DHS has previously publicly stated that foreign nationals who enter the country and admit to committing drug crimes may be “inadmissible.”

He rejected an earlier request from the Heritage Foundation in June to obtain Harry’s records.

In court papers, the department has argued that “mere acknowledgment of these records would constitute an unwarranted invasion of Prince Harry’s privacy.”

Harry and Megan attend the Invictus Winter Games in Vancouver last week

Harry and Megan attend the Invictus Winter Games in Vancouver last week

Harry and Megan attend the Invictus Winter Games in Vancouver last week

“The records are particularly sensitive because their release, even in part, would reveal Prince Harry’s status in the United States, which Prince Harry has not disclosed.”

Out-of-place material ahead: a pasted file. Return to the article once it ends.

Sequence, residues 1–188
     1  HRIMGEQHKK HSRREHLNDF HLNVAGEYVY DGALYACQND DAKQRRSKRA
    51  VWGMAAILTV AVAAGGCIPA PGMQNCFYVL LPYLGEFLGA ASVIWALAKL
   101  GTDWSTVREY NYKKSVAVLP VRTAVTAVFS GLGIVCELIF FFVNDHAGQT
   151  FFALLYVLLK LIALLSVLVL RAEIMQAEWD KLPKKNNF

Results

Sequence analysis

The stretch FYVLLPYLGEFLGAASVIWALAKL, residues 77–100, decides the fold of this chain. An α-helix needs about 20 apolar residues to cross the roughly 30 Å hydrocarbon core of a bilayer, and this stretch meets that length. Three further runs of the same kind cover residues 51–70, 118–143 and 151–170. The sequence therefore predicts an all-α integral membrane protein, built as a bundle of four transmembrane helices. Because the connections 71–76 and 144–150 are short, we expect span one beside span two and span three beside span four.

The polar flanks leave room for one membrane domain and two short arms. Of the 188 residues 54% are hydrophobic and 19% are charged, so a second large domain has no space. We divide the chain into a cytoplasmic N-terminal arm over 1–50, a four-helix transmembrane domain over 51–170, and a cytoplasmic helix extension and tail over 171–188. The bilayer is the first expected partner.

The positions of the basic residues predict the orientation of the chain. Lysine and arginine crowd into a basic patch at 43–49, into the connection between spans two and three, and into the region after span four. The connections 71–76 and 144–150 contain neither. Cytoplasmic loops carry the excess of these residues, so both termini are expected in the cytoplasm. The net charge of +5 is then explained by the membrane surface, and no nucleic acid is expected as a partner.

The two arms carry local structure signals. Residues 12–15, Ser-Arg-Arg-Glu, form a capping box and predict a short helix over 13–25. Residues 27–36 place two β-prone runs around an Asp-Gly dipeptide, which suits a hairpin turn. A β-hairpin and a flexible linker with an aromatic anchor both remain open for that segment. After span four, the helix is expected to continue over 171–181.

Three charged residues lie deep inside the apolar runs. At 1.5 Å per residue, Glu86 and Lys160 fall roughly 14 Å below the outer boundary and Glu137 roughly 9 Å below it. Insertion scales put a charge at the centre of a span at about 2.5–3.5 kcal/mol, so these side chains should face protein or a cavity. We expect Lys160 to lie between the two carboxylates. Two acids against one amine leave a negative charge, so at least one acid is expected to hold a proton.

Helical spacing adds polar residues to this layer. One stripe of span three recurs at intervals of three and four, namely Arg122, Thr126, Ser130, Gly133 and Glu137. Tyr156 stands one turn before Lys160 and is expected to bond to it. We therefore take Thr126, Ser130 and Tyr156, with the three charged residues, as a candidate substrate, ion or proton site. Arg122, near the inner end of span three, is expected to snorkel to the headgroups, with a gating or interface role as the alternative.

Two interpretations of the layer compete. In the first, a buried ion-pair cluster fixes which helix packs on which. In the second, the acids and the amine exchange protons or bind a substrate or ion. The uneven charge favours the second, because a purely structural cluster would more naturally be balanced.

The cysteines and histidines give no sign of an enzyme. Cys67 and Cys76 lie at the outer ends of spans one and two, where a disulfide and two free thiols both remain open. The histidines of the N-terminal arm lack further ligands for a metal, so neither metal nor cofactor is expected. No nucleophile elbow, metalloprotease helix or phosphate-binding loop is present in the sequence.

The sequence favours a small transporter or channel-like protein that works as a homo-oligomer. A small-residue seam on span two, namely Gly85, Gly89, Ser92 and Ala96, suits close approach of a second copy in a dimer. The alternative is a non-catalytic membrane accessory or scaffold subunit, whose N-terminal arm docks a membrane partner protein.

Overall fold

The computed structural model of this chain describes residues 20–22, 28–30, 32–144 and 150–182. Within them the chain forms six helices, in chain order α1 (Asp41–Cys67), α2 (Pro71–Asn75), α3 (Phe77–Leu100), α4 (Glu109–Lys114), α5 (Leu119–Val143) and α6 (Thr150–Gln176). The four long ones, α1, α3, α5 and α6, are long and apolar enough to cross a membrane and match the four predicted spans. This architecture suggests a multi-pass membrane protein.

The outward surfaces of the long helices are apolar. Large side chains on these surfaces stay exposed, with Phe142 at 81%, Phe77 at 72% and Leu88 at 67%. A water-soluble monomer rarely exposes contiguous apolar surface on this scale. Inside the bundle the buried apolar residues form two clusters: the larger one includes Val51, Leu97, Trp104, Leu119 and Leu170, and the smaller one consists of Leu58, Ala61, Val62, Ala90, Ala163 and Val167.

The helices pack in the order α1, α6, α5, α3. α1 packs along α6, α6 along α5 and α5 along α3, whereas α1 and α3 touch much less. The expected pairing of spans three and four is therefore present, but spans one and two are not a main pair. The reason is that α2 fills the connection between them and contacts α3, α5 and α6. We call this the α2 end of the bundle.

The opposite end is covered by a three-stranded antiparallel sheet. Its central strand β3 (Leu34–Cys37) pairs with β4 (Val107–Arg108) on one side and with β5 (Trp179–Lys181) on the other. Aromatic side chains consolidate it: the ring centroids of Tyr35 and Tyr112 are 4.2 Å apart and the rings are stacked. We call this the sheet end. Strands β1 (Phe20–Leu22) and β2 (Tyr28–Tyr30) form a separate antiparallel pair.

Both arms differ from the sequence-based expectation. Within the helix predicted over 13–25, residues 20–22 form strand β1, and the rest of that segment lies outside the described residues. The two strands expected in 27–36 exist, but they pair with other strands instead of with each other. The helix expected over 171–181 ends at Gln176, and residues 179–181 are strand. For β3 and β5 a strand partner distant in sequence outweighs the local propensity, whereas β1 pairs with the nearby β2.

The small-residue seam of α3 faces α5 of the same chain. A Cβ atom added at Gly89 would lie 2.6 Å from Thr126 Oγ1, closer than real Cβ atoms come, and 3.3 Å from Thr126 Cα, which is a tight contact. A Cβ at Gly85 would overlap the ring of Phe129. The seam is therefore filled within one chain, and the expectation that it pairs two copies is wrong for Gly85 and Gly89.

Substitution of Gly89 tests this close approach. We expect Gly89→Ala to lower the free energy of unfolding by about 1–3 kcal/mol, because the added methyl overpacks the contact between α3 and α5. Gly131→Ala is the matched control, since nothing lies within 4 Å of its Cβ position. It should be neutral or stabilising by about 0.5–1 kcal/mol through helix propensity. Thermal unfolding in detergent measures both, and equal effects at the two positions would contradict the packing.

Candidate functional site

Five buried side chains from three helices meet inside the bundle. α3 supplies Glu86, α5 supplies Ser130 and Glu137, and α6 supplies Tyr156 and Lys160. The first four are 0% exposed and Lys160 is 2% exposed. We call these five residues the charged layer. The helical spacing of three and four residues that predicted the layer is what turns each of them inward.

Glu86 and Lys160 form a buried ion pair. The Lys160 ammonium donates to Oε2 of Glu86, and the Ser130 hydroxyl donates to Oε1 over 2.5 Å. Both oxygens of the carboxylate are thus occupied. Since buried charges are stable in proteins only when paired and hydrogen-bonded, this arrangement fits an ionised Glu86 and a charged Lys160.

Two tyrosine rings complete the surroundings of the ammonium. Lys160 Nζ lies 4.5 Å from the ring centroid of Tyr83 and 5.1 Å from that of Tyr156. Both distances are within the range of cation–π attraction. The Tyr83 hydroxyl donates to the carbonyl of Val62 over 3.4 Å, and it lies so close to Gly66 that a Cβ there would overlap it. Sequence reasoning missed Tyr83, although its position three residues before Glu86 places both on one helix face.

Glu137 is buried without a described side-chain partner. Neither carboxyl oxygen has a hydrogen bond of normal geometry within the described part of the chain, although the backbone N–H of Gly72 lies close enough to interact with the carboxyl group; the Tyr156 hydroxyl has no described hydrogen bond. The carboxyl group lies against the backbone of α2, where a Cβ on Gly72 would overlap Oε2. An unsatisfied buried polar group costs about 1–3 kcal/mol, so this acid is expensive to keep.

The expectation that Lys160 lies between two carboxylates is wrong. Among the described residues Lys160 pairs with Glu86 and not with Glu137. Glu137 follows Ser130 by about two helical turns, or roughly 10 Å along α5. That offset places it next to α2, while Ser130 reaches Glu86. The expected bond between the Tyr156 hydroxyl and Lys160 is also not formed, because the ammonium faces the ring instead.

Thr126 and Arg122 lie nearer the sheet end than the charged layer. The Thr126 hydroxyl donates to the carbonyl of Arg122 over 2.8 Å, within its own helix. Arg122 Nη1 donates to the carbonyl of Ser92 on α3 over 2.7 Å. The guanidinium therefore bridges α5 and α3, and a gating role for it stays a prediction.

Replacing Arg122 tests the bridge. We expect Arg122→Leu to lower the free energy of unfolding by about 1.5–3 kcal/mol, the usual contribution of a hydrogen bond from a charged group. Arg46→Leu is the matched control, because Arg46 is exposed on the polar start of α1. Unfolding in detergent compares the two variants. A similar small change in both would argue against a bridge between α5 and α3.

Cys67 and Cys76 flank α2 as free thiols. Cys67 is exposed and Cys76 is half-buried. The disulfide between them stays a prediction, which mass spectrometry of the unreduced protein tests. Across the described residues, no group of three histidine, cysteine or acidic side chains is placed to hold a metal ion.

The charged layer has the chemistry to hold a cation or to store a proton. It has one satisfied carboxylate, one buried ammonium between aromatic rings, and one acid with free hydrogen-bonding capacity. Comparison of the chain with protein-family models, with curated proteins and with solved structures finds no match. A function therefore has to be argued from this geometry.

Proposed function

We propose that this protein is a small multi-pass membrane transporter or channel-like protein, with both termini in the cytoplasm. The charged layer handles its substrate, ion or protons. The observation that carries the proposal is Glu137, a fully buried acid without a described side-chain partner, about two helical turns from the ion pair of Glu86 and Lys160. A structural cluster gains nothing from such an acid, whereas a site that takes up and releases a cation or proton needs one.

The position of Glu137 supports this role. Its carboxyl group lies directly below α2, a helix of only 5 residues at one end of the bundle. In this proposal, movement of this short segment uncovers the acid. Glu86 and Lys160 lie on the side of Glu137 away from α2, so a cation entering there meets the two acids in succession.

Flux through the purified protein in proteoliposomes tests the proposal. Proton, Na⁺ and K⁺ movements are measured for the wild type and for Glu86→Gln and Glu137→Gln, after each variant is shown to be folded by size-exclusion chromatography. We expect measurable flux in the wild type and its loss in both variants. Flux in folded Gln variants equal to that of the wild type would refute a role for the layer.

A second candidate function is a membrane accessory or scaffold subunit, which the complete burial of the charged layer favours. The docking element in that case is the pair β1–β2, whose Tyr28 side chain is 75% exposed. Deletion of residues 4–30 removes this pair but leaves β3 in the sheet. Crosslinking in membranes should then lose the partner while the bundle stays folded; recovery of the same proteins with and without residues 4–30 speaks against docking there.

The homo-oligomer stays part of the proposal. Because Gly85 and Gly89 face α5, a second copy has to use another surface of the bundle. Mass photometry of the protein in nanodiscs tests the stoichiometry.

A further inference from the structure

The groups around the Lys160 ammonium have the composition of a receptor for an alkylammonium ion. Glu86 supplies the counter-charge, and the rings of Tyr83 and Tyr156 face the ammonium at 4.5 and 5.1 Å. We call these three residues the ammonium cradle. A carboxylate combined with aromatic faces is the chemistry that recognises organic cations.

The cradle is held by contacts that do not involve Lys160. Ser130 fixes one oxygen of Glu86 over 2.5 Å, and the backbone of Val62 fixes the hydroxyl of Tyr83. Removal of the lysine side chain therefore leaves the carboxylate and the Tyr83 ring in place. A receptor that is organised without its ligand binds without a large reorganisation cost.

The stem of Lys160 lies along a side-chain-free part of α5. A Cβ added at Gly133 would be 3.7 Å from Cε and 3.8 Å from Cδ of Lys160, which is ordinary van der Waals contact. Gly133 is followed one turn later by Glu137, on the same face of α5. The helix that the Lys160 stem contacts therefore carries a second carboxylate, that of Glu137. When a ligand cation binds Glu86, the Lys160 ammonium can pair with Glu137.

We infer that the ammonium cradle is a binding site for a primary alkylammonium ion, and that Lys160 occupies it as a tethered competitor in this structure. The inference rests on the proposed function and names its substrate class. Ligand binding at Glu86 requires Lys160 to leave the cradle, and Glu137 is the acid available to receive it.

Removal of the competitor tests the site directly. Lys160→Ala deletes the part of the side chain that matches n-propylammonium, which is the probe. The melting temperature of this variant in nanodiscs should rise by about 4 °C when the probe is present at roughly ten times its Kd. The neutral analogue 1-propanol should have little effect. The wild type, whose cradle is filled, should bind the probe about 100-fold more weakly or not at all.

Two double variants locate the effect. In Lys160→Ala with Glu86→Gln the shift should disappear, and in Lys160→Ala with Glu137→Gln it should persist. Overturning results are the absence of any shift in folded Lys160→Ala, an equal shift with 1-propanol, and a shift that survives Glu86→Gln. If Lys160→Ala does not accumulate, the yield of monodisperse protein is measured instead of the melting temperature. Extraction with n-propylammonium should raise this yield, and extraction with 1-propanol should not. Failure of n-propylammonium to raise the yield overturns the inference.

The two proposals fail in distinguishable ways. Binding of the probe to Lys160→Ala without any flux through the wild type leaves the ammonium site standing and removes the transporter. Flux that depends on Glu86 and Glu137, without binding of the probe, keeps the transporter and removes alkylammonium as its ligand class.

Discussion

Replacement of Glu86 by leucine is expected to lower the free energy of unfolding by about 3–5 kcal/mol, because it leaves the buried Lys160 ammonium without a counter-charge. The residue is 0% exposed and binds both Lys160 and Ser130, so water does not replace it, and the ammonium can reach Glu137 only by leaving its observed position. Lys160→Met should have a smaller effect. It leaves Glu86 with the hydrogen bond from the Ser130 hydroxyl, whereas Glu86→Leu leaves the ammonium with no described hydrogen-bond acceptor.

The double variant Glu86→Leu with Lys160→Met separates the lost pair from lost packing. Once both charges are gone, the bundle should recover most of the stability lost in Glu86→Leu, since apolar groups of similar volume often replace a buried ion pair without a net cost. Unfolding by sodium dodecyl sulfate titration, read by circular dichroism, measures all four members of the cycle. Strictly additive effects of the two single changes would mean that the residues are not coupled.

He continued: ‘Specifically, the records would reveal the types of documents Prince Harry used to travel to the United States, his admission status, and any immigration or non-immigration benefits he may have sought.

“Courts consistently hold that a person’s visa or immigration status is private, personal information exempt from disclosure.”

Nile Gardiner, director of the Margaret Thatcher Center for Freedom at the Heritage Foundation, said: “Given Harry’s numerous confessions of drug use, which typically disqualify him from entering the United States, Americans deserve to know whether Prince Harry lied. on your application and whether DHS looked the other way or gave you preferential treatment.’